Emotional Shields and the Power of Vulnerability

Let go, what's the worst that can happen?


I'm forever saying this as I help clients to let go of their habitual patterns of tension. And it's not entirely a rhetorical question. The worst that can happen in that moment is that it may expose your vulnerability. Your emotions are completely wrapped up in your physicality, and vice versa. It's all one and the same.


I like to think of these physical tensions as emotional shields, and they should be respected as such. They make you feel safer, even if you're not consciously aware of it happening.  It's totally pointless to suggest you improve your posture by pulling your shoulders back, or standing up straight, if you don’t also recognise that your emotions are encouraging you to curl up into a protective ball. And that's ignoring that it's bad advice to "stand up straight" anyway as it just causes more tension. It's also important to realise that although your emotions and moods may "encourage" you to tighten, they don't actually cause you to do so in the long term. In those moments, you effectively start to react to your Self, which may become a vicious circle, but by practising embodied mindfulness with the Alexander Technique this can be reduced. And in preventing an excessive physical reaction and maintaining your poise you'll find that you're left to experience the emotion more fully, which may not be pleasant, but by being with it at least allows it to be better processed. Naturally some situations do elicit a very strong emotional and physical reaction (a psycho-physical reaction in Alexander Technique jargon), and that's fine too, what's important is to avoid habituating that response into a longer term experience. 

Vulnerability and the Alexander Technique
It's OK to feel vulnerable.

Image used with permission by Depositphotos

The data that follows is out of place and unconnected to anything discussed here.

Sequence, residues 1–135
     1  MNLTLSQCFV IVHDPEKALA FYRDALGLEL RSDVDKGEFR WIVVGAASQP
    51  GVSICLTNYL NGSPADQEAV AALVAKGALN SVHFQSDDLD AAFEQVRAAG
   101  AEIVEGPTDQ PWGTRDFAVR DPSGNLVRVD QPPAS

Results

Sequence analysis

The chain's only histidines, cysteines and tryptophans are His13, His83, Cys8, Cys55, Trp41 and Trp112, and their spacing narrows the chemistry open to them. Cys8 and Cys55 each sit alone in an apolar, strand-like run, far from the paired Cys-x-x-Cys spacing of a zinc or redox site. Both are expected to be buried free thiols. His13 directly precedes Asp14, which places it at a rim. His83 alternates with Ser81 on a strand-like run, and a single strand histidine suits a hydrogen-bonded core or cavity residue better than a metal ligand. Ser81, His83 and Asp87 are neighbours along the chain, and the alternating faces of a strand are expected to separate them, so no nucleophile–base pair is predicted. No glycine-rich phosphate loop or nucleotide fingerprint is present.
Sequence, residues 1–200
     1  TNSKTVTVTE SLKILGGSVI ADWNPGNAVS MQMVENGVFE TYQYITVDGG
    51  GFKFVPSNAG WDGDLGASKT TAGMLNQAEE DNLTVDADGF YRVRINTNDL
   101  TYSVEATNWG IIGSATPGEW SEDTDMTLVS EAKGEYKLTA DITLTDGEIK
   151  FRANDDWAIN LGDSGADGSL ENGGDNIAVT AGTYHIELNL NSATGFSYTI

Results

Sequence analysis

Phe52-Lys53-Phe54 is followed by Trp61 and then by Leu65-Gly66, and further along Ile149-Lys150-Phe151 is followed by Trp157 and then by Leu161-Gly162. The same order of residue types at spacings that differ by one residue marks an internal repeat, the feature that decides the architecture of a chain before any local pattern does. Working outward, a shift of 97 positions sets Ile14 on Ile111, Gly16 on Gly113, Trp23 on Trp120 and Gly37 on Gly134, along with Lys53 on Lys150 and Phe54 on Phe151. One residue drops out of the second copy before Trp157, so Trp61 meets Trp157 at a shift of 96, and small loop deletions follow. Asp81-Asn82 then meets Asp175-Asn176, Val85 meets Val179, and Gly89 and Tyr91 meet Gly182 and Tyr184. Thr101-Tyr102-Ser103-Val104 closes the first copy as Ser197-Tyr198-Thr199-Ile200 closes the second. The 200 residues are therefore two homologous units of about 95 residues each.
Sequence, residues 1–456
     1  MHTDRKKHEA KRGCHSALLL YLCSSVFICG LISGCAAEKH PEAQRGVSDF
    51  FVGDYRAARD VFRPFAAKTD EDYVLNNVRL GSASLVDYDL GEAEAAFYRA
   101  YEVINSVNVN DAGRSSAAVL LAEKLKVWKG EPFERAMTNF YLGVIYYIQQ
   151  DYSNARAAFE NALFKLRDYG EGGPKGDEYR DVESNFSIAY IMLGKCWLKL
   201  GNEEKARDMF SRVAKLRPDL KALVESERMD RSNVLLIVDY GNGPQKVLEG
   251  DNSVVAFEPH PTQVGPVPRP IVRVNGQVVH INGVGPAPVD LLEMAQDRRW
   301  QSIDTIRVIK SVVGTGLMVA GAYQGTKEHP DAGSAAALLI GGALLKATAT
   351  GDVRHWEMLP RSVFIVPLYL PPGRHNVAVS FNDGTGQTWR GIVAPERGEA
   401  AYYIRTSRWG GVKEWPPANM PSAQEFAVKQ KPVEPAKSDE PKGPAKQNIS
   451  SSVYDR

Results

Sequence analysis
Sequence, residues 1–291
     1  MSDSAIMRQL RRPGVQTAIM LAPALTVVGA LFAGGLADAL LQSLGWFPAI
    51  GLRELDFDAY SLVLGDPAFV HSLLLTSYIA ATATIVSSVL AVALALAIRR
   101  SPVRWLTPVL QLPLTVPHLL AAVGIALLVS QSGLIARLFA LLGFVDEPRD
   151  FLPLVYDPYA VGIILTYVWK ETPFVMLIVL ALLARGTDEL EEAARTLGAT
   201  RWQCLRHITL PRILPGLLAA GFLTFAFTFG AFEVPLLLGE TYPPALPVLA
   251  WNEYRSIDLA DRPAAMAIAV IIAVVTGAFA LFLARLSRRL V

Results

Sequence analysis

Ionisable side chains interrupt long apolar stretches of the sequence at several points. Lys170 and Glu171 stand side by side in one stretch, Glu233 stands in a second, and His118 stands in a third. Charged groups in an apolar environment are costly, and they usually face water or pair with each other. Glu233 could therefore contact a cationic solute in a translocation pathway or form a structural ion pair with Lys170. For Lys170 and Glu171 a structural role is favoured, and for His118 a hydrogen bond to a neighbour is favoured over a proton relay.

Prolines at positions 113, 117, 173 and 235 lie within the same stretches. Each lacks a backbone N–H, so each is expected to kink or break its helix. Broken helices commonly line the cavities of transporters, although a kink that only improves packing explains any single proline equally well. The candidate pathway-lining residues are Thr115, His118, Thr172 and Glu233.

When you're feeling vulnerable you don't usually want the world to know about it. The irony is that when you diminish your stature to feel emotionally safe you end up broadcasting your vulnerability to everyone via your body language. The only hope is that no one notices as you attempt to make yourself invisible. And on the whole, everyone else is so wrapped up in their own shields, that it kind of works. But do you really want what everyone else has, or do you wish for something more? Some predatory types (every office has one!) do instinctively recognise this body language and will exploit it to their own advantage, and ironically, the best way to shield yourself from this is to drop your shields. When you offer your vulnerability willfully it's more difficult for you to be exploited for it. And in reality most people won't observe your vulnerability when it's offered anyway. It will either appear as a neutral posture, or, in further irony, as confidence which, unlike arrogance, is simply a lack of reaction to a situation in my opinion.


I word I'm rather fond of is surrender. Like vulnerability, it is often thought of in negative terms, but it's also a powerfully positive word. I'm currently working with someone who is a member of the clergy and the idea of surrender resonates strongly for them in their spiritual life. But if you're not of that persuasion (like myself, as it happens), gaining an attitude of total acceptance and allowing (which is a central concept in the Alexander Technique) is a great place to start dealing with your sense of vulnerability. 


To start exploring how you relate to your own vulnerability, and turning the idea that it's a negative trait on its head, I recommend Brene Brown's TED talk, The Power of Vulnerability. I share it with my clients often and I always receive great feedback on how helpful they've found it to be, and it's no surprise to me that it went semi-viral and is one of TED's most watched.  It's about twenty minutes long and I strongly encourage you to watch it, after all, what's the worst that can happen? It may hold the key to understanding those long standing aches and pains.

Video courtesy of TED, Standard YouTube Licence. (3 Jan 2011)

Whilst looking up the URL for Brene's original talk, I also stumbled across some more recent talks, and I particularly liked this one: Embracing Vulnerability


"To share your weakness is to make yourself vulnerable; to make yourself vulnerable is to show your strength." - Criss Jami, author, poet, singer

Please feel free to contact me for a no obligation chat to see how the Alexander Technique can help you too.

Write a comment

Comments: 3
  • #1

    Laurel Leaf (Saturday, 19 November 2016 11:49)

    Fantastic and interesting blog Adrian, clearly explains how your mindset/emotions can be reflected in your poise. You got right to the heart of the matter.

  • #2

    Mark Claireaux (Tuesday, 22 November 2016 17:16)

    Great blog Adrian, I've been talking to my clients about this recently and the TED talk will be useful to share with the too. It certainly helps to share with our pupils that we are vulnerable too.

  • #3

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    Iam very happy to read this. This is the kind of manual that needs to be given and not the random misinformation that’s at the other blogs. Appreciate your sharing this best posting.